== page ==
Agendas and Minutes

Planning Commission (View All)

Planning Commission Study Session

Tuesday, March 27, 2007






MARCH 27, 2007


CALL TO ORDER- Chair John Fields called the meeting to order at 7:00 p.m. at the Council Chambers, 1175 E. Main Street, Ashland, OR.


Planning Commissioners Present:


Housing Commissioners Present:

John Fields, Planning Commission Chair


Richard Billins

Tom Dimitre


Regina Ayars

Dave Dotterrer


Steve Hauck

Olena Black


Aaron Benjamin

Pam Marsh


Carol Voisin

John Stromberg


Absent Members:

Absent Members: 


Liz Peck

Melanie Mindlin


Bill Street

Michael Dawkins



Mike Morris


Council Present:



Cate Hartzell, Planning Commission Council Liaison (arrived 7:10 pm

Staff Present:


Alice Hardesty, Housing Commission Council Liaison

Bill Molnar, Planning Manager



Brandon Goldman, Housing Specialist



Sue Yates, Executive Secretary




[7:00 pm]  Fields welcomed the Housing Commissioners to this joint meeting.    


Before getting to the agenda items, Fields noted the Council had a special meeting recently where they called up a planning action that the Planning Commission had approved with a five/four vote.  Fields touched on several things that have been on his mind including the apparent changing role of the Planning Commission.  In the past, the Planning Commission has been a leader in the state in terms of developing new ordinances, keeping up with growing problems and doing forward-thinking long-range planning.  The decision-making process has become more complicated and complex, making it difficult for the Commission to weigh and balance their different values.  In the past it was rare a Planning Commission decision was overturned by the Council.  He envisions moving more toward a form-based code that will be much more rigid, but can’t help thinking that good planning happens with people making very difficult decisions.  However, adding more regulations, raises the level of complexity, and adds conflict with other things.  He has spoken with Marsh and thought this could be talked about more at the Planning Commission retreat.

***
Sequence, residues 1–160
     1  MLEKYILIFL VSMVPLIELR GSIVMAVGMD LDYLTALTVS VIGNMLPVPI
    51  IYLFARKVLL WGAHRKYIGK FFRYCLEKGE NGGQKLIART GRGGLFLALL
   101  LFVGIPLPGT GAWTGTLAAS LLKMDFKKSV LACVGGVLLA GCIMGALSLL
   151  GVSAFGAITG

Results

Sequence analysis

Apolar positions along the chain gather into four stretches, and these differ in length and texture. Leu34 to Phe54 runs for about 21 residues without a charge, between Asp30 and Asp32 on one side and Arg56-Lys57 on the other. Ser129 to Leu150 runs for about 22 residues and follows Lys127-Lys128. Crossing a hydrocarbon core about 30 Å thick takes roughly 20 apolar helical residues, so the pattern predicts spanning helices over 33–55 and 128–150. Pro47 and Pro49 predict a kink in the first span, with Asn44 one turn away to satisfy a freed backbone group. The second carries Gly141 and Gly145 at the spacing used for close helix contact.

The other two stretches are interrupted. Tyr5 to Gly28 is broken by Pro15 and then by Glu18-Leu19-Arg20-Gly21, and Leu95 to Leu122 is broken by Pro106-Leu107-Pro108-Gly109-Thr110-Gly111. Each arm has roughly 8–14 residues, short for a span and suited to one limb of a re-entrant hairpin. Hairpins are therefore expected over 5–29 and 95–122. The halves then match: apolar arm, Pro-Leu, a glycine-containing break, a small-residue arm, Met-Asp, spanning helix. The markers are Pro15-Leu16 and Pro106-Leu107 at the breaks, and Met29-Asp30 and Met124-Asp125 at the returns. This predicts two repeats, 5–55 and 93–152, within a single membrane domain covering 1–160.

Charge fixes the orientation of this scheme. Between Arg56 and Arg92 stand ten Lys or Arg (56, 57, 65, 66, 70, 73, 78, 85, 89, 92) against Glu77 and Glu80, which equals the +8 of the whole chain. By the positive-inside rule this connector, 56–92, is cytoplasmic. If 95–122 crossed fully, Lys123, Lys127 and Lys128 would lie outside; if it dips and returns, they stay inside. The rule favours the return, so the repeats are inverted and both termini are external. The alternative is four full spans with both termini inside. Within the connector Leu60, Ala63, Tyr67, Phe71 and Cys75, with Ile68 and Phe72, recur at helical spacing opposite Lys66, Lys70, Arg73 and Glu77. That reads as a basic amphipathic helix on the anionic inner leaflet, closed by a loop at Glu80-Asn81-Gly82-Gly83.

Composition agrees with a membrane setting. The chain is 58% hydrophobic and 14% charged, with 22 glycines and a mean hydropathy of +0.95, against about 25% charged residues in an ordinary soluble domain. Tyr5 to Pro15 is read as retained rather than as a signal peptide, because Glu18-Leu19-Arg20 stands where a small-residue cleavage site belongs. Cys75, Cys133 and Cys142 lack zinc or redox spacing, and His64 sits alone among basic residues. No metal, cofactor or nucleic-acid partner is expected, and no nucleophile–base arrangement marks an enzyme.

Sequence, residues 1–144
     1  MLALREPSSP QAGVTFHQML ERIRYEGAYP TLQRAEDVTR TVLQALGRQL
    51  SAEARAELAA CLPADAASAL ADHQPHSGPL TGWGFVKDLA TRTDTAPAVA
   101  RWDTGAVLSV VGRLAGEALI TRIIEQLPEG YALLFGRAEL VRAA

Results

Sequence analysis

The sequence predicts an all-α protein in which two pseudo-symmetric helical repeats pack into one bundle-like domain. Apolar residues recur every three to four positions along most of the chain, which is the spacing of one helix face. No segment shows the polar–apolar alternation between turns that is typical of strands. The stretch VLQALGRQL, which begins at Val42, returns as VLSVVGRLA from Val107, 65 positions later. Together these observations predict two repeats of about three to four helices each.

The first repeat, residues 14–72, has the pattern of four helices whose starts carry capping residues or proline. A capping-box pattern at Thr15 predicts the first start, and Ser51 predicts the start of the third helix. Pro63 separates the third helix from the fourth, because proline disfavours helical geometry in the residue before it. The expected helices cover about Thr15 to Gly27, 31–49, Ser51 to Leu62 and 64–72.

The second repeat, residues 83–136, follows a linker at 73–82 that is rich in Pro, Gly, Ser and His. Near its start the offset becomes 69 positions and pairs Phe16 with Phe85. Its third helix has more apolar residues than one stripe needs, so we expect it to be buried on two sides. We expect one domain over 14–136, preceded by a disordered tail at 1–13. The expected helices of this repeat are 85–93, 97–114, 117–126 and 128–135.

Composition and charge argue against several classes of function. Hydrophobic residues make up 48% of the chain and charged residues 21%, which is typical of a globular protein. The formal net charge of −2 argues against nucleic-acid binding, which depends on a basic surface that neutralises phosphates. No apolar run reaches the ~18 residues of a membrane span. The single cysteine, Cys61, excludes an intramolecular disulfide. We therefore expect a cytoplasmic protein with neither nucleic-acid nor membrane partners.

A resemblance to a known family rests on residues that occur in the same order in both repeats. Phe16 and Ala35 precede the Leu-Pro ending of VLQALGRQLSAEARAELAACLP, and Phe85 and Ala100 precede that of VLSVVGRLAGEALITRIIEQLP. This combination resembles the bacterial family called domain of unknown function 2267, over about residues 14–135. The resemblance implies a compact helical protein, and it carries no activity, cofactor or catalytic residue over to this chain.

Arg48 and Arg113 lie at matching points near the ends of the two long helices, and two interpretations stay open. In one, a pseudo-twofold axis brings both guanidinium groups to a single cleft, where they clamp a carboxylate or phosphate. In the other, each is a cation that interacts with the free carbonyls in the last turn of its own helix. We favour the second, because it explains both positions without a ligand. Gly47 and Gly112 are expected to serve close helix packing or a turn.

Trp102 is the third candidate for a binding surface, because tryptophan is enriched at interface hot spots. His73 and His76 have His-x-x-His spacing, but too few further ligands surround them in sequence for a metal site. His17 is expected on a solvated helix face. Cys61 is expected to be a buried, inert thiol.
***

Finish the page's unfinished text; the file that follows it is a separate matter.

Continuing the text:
Marsh was appalled when she read the Tidings concerning the Council’s action on an item that was just approved at the Planning Commission and the fact that the Council is short-circuiting the public process. She brought it up in case the Planning Commission wished to make a statement.   The Planning Commission’s decision was very specific to the site.  Her hope is that as the Council looks at the appeal, they contain their comments to the specific application and let the Planning Commission take on the broad issue of the setback.  If the Council insists on taking on land use issues themselves, the Planning Commission might as well “pack up their tents and go home.”